how much data? I've banged out something like this (extracting inventory data from an as400 via an insanely jank terminal emulator) with autohotkey navigating, copying, and pasting data into a spreadsheet but obviously that would take ages if it was more than ~thousands of records.

MrQueasy
Nov 15, 2005

Probiot-ICK

tef posted:

drove my coworker mad that i was using vim over ssh on a machine 5000mi away, couldn't understand how i dealt with the lag

vi was designed to make you feel productive despite lag

mystes
May 31, 2006

Nothing.makes you productive with lag like an editor where you constantly belatedly realize you were in the wrong mode and not actually entering the text you thought you were

Soricidus
Oct 21, 2010
freedom-hating statist shill
this is why you use something like emacsí tramp. run the editor locally, only notice latency when actually doing io

mystes
May 31, 2006

Vscode has something like that too

redleader
Aug 18, 2005

Engage according to operational parameters
you wouldn't have that problem if you didn't use a modal editor

quiggy
Aug 7, 2010

[in Russian] Oof.


actually vi is good

CPColin
Sep 9, 2003

Big ol' smile.
yeah, final fantasy vi

ikanreed
Sep 25, 2009

I honestly I have no idea who cannibal[SIC] is and I do not know why I should know.

syq dude, just syq!
Can your text editor suplex a train?

mystes
May 31, 2006

ikanreed posted:

Can your text editor suplex a train?
My terminal can multiplex the sl command does that count

InternetOfTwinks
Apr 2, 2011

Coming out of my cage and I've been doing just bad
Modal editing is really not that complicated, I had the basics pretty much down in like, a week or two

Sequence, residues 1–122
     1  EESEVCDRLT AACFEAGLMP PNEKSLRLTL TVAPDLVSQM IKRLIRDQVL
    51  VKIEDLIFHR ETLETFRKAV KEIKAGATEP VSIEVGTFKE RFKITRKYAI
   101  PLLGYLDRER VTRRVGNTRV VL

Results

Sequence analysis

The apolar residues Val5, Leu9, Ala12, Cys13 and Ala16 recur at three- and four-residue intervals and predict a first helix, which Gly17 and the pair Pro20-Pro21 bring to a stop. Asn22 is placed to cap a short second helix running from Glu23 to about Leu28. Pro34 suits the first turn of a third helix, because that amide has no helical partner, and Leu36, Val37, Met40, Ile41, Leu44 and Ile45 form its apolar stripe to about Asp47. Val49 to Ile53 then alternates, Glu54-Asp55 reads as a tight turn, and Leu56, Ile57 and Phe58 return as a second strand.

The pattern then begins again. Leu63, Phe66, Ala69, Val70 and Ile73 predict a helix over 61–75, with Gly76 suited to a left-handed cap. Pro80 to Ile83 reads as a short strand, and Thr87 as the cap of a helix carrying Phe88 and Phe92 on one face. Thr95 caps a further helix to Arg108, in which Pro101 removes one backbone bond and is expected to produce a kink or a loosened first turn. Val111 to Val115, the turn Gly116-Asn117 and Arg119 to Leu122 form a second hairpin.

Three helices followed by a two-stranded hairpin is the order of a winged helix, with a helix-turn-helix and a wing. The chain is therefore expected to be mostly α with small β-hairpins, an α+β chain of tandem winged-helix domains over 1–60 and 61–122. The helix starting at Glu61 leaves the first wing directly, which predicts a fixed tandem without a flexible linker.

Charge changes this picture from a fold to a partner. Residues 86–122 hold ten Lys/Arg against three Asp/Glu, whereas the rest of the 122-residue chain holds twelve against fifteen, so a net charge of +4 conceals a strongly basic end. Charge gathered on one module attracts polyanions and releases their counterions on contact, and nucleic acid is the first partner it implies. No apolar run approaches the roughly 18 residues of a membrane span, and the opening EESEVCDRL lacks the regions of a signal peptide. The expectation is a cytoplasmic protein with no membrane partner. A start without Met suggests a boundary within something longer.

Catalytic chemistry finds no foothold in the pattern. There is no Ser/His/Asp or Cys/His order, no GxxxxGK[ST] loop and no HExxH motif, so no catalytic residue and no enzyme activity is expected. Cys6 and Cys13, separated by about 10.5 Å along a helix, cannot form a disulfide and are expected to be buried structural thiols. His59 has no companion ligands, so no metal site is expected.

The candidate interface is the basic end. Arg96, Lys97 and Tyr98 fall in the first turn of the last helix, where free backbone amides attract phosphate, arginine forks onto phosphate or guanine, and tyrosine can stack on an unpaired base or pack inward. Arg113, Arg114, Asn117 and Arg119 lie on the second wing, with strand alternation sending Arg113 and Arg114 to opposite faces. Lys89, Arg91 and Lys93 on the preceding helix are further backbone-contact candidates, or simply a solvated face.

Sagacity
May 2, 2003
Hopefully my epitaph will be funnier than my custom title.

InternetOfTwinks posted:

Modal editing is really not that complicated, I had the basics pretty much down in like, a week or two
I'm not sure that's the ringing endorsement you might think it is

mystes
May 31, 2006

Modal editing is great. You just have to stick with it for long enough for the Stockholm syndrome to kick in

Plorkyeran
Mar 22, 2007

To Escape The Shackles Of The Old Forums, We Must Reject The Tribal Negativity He Endorsed
i type seconds ahead of vim updating pretty regularly and itís completely fine 99% of the time but sometimes you discover that the entire file is now lowercase and have to back up a few steps

FlapYoJacks
Feb 12, 2009
After a few months of using it: MISRA is cool and good. except for the rule that only allows one return in a method. It leads to a lot of nested if statements.

mystes
May 31, 2006

FlapYoJacks posted:

After a few months of using it: MISRA is cool and good. except for the rule that only allows one return in a method. It leads to a lot of nested if statements.
I hear that's hard to treat good luck

qsvui
Aug 23, 2003
some crazy thing
how is anyone typing ahead of their editor in tyool 2023? just ask your work for a better computer

qsvui
Aug 23, 2003
some crazy thing

mystes posted:

I hear that's hard to treat good luck

sounds misrable

FlapYoJacks
Feb 12, 2009

qsvui posted:

how is anyone typing ahead of their editor in tyool 2023? just ask your work for a better computer

Look it, my brother word processor was fine in 1989 and itís fine now!!!!

mystes
May 31, 2006

qsvui posted:

how is anyone typing ahead of their editor in tyool 2023? just ask your work for a better computer
the original discussion was about over laggy connections and for some reason someone suggested that vi would be a good idea in this situation for reasons that are not clear to me since whenever I've tried to use vi over a laggy connection I've wanted to shoot myself

FlapYoJacks
Feb 12, 2009
Nano first, then VIM.

quiggy
Aug 7, 2010

[in Russian] Oof.


i mean i actually use Rider with vim keybinds but w/e

Antigravitas
Dec 8, 2019

Die Rettung fuer die Landwirte:
Oh no, you have jetbrain

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FlapYoJacks
Feb 12, 2009
Jetbrain IDEs are the best IDEs.